The History Of The Vikings In Vinland And North America

If until now you thought that the North American continent was initially discovered by Christopher Columbus in 1492 along with his crew and three ships (the carrack Santa Maria as well as the caravels Pinta and Santa Clara), then you have been misled to acknowledge one of history’s greatest confusions. Putting aside the fact that Christopher Columbus didn’t actually want to discover the New World but rather to seek a faster and easier way to reach India, America was spotted several centuries before by other Europeans, namely the Norsemen (Vikings).

The Norsemen who set foot on American soil at the round of the 11th century were led by Leif Erikson (also know as Leif the Lucky), the son of another reputed Viking explorer by the name Erik the Red, who discovered Greenland after he was exiled from Iceland for murder.

According to the legend, Leif Erikson heard the account of an Icelandic merchant who told him about a land of forests and lush meadows situated westward of Greenland. Having been informed about the existence of such a vast space worth colonising and farming, Leif Erikson gathered his men and set sail to reach for this mesmerising land the Icelandic merchant told him about.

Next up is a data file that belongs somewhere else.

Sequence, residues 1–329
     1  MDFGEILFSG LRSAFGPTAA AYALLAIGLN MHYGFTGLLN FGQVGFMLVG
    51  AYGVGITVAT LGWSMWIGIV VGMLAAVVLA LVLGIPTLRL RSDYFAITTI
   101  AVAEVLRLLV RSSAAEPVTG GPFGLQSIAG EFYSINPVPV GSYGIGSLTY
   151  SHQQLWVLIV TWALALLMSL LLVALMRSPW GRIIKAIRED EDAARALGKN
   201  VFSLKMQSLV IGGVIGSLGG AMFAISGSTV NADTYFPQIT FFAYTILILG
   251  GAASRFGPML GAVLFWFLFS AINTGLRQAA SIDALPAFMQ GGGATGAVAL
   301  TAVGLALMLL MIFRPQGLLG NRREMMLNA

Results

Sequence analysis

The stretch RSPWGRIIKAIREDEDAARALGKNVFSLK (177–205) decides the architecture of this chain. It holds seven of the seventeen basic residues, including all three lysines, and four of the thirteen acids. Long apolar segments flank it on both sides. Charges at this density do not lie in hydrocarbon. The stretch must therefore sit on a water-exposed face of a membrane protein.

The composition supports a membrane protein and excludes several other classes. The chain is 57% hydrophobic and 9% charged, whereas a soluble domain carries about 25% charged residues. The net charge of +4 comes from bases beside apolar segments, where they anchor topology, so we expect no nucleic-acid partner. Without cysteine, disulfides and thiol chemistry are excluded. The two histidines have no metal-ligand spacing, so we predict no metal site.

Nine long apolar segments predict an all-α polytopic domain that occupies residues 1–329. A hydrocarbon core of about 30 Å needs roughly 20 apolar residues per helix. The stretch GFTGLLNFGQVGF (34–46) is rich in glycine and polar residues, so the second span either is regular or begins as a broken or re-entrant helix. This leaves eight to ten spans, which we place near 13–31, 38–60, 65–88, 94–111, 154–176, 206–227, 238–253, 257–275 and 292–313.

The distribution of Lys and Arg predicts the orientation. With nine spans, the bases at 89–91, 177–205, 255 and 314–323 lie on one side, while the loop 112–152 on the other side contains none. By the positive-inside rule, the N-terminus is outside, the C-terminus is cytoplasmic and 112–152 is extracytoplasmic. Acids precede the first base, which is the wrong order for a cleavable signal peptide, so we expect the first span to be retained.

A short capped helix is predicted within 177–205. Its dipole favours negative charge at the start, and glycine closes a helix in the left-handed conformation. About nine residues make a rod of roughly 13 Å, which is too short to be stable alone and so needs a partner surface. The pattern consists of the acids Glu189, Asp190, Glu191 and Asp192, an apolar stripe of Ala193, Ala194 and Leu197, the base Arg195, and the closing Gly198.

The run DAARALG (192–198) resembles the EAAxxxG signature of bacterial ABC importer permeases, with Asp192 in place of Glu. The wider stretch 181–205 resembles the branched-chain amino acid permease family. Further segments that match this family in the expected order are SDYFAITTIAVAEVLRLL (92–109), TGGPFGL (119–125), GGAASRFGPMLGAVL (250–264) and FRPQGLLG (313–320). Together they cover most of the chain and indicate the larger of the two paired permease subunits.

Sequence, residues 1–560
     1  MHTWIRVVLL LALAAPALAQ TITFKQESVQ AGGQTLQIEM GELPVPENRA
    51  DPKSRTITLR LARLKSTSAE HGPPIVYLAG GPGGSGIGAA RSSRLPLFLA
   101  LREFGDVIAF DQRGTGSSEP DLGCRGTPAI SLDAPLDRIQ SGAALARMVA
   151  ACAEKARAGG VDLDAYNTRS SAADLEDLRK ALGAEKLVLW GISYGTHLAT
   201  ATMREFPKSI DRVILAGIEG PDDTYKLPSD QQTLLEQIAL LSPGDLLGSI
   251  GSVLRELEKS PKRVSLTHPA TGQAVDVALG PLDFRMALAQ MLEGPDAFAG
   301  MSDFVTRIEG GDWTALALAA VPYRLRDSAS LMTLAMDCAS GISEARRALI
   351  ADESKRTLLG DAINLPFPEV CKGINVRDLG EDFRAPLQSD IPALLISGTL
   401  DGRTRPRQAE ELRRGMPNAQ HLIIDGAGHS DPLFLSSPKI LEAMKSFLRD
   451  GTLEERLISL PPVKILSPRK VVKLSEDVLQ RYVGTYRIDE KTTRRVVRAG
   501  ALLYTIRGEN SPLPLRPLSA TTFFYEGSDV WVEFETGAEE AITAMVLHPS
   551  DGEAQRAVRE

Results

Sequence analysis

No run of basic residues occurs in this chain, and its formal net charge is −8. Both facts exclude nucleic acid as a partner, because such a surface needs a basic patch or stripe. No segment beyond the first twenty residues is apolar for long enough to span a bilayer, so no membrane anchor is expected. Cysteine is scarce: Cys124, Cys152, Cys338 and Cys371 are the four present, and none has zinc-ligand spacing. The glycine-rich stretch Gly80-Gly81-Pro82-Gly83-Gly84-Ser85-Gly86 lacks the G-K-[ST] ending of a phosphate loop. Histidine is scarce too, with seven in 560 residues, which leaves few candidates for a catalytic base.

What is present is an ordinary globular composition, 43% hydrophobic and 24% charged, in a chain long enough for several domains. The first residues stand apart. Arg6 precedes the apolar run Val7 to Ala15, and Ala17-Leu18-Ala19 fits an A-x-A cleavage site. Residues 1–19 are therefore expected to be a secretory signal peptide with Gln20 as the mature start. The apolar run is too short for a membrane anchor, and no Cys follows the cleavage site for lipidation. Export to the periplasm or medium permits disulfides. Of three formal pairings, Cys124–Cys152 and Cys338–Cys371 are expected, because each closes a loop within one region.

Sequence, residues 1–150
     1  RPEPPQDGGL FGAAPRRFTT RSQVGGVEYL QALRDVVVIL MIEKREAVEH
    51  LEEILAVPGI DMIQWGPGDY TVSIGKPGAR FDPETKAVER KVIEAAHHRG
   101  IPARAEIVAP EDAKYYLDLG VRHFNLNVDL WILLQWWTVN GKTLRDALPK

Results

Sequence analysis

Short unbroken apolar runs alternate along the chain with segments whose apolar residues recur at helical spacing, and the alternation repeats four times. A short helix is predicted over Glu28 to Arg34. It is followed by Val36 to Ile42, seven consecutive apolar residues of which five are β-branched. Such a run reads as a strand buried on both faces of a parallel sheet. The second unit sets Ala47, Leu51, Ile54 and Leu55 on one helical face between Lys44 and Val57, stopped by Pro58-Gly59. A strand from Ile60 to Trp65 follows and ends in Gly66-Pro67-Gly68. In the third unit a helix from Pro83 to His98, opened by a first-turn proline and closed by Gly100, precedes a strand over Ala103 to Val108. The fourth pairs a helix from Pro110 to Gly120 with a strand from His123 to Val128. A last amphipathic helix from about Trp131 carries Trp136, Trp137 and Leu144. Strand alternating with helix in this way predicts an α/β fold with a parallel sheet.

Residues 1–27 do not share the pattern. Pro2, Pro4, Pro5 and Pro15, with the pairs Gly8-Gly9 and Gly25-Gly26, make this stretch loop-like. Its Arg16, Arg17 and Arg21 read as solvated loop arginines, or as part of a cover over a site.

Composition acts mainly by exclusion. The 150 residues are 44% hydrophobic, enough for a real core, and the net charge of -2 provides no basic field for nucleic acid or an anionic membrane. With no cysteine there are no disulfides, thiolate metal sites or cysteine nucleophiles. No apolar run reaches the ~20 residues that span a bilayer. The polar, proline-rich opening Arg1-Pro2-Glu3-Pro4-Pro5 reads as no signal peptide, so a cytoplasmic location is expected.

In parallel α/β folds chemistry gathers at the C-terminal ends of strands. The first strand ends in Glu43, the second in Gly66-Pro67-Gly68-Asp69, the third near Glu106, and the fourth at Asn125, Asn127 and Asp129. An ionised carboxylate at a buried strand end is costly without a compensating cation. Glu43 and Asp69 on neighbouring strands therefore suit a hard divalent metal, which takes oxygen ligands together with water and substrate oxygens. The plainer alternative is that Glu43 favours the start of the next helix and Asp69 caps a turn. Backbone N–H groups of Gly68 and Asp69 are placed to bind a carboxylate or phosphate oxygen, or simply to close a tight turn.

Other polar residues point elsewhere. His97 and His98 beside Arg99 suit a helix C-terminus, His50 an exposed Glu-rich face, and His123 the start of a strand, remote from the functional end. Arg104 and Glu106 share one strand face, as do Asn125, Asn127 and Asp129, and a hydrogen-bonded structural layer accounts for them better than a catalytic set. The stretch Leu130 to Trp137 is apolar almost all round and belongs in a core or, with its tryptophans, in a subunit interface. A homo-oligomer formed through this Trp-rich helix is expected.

Satellite view of Newfoundland island, Canada, highlighting the area of Norse settlement in the north. Image source: www.commons.wikimedia.org

Leif and his crew are known to have landed somewhere on the eastern coastline of modern day Canada, namely in Newfoundland island. He then gave it the name ‘Vinland’ (the land of wine). However, not much is known regarding the fate of the Norse settlers Leif had brought with him.

In spite of the fact that at first all seemed to unfold quite peacefully for the recently settled Scandinavian community, they shortly came in contact with an indigenous group of Native Americans who have been henceforth known as ‘Skrælings’ (the term can possibly denote ‘savage’ or ‘cloth-skin’ in Old Norse).

The Norse numbered few settlers to actually win a subsequent war with the indigenous population and they were inevitably forced to withdraw from Vinland. As such, very much unlike the Faroe IslandsIceland or Greenland (territories that have been previously settled by the Norsemen), modern day Newfoundland preserves only sparse archaeological evidences of a past Norse presence.

The archaeological site of L’Anse-aux-Meadows in Newfoundland and Labrador province, Canada, comprises a recreation of some Viking Age longhouses, being the most renowned and best preserved Norse historical site in North America. The site was discovered during the early 1960s by Dr. Helge Ingstad and his wife Anne Stine Ingstad. Subsequently, in 1978 the area was included on the list of UNESCO World Heritage Sites.

Reconstructed Viking Age longhouses at L’Anse-aux-Meadows in Newfoundland, Canada. Image source: www.commons.wikimedia.org

In mid 2015 a team of archaeologists led by Sarah Parcak spotted another possible Viking Age site in southern Newfoundland, namely at Point Rosee. If confirmed, this discovery may very well re-write the history of the Norse settlement in the region.